As Miranda noted yesterday, the Right had launched a full-scale smear campaign Debo Adegbile, who had been nominated by President Obama to serve as head the Civil Rights Division of the Department of Justice, over the fact that Adegbile was in charge of the NAACP Legal Defense Fund when it helped provide legal representation to Mumia Abu-Jamal.
That campaign against him succeeded as yesterday the Senate failed to confirm his nomination and Sen. Pat Toomey could not be more proud, making the case against Adegbile the focus on the remarks he delivered a CPAC today, asserting that the effort to defend Abu-Jamal was part of an "international campaign to lionize a cop-killer" that "was based on hatred for America, contempt for our criminal justice system, and the goal was to indict America as a hopelessly racist country."
And Toomey was not going to accept that, which is why he launched the fight against Adegbile's nomination because "nobody should be able to make a mockery criminal justice system, fan the flames of racial strife in America, join a dishonest international anti-American campaign, along the way drag the family of a fallen police officer through three decades of hell and then be confirmed to a high post in the Justice Department":
The Senate today failed to invoke cloture on the nomination of Debo Adegbile to head the Civil Rights Division of the Department of Justice. Every Senate Republican and seven Democrats voted to filibuster Adegbile’s nomination after a concerted right-wing smear campaign targeted the nominee. (Senate Majority Leader Harry Reid also changed his vote to no as a procedural tactic.)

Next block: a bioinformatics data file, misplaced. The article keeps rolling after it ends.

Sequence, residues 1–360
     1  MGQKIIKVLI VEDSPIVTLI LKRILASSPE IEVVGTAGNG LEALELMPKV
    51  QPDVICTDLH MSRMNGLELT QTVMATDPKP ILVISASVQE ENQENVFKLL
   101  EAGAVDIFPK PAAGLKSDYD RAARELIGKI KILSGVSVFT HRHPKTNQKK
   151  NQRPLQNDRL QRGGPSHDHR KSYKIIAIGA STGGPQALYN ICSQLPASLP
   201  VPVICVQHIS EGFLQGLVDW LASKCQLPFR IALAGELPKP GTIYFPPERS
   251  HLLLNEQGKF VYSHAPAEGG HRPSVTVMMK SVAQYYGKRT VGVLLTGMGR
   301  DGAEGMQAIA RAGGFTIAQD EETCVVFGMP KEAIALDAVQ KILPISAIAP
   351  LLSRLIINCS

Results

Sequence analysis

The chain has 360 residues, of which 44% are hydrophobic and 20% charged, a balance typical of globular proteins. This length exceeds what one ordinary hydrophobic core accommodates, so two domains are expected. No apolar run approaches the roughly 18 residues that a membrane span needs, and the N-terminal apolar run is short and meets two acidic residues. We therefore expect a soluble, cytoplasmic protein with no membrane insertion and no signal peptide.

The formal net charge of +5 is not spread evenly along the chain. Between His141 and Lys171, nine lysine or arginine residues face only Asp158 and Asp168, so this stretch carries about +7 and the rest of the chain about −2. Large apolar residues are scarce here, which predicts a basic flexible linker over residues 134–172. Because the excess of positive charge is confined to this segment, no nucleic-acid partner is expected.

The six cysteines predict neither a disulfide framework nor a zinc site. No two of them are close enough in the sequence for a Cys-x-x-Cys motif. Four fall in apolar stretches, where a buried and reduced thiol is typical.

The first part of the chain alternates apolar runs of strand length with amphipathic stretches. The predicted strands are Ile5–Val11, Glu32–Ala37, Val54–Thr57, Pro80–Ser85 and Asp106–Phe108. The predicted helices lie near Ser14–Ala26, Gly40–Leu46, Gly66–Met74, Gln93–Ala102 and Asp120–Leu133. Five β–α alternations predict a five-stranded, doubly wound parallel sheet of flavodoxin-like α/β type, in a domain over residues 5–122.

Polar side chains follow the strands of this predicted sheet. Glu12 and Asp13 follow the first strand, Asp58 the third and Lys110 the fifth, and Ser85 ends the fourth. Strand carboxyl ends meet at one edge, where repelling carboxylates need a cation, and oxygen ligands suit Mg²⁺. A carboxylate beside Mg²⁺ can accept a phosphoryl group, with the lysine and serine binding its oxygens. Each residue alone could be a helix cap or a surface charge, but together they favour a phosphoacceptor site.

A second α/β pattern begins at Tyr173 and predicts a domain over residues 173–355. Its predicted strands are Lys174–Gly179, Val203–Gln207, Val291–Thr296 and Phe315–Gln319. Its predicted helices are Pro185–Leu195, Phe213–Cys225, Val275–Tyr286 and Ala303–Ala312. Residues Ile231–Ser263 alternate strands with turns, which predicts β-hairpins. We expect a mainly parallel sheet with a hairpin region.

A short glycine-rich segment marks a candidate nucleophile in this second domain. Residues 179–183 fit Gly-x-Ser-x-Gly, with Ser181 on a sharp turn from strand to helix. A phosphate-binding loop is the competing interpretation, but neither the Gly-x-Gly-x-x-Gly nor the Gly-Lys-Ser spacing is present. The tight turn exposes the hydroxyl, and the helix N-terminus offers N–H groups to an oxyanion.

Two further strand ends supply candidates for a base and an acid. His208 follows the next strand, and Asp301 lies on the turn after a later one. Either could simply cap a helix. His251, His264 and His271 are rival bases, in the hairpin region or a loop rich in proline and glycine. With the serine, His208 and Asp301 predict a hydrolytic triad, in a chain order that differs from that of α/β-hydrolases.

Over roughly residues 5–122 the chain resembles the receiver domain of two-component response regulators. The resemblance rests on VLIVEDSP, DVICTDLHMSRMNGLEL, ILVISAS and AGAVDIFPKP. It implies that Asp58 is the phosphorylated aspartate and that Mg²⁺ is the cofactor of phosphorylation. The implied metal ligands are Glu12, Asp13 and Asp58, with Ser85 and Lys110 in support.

From the very beginning, the Right’s problem with Adegbile was that he would be a strong leader of an office that they despise. As we wrote in January,
Conservatives have not been fans of the civil rights division under the leadership of President Obama and Attorney General Holder, who installed now-Labor Secretary Tom Perez to restore the division to itsoriginal purpose after neglect under the Bush administration. In other words, President Obama has nominated civil rights advocates to the office and encouraged them to enforce civil rights measures….which is just too much for some conservative activists to bear.
So, opponents of the Civil Rights Division’s work went looking for reasons to smear Obama’s nominee to head it. Luckily for them, former Bush administration official J. Christian Adams, who specializes in concocting race-baiting stories made for Fox News (he’s the one who invented the New Black Panther Party freakout) was on the case.
Adams and his allies focused on Adegbile’s work at the NAACP Legal Defense Fund, where he helped provide legal representation to Mumia Abu-Jamal, a convicted murderer whose sentence of capital punishment had been based on jury instructions that violated the United States Constitution. The court agreed and Abu-Jamal was resentenced to life in prison. As Adam Serwer writes today, it is hardly unheard of for executive branch and judicial nominees to have histories of representing unsavory clients – Chief Justice John Roberts, for instance, had done pro bono work on behalf of a man who had murdered eight people.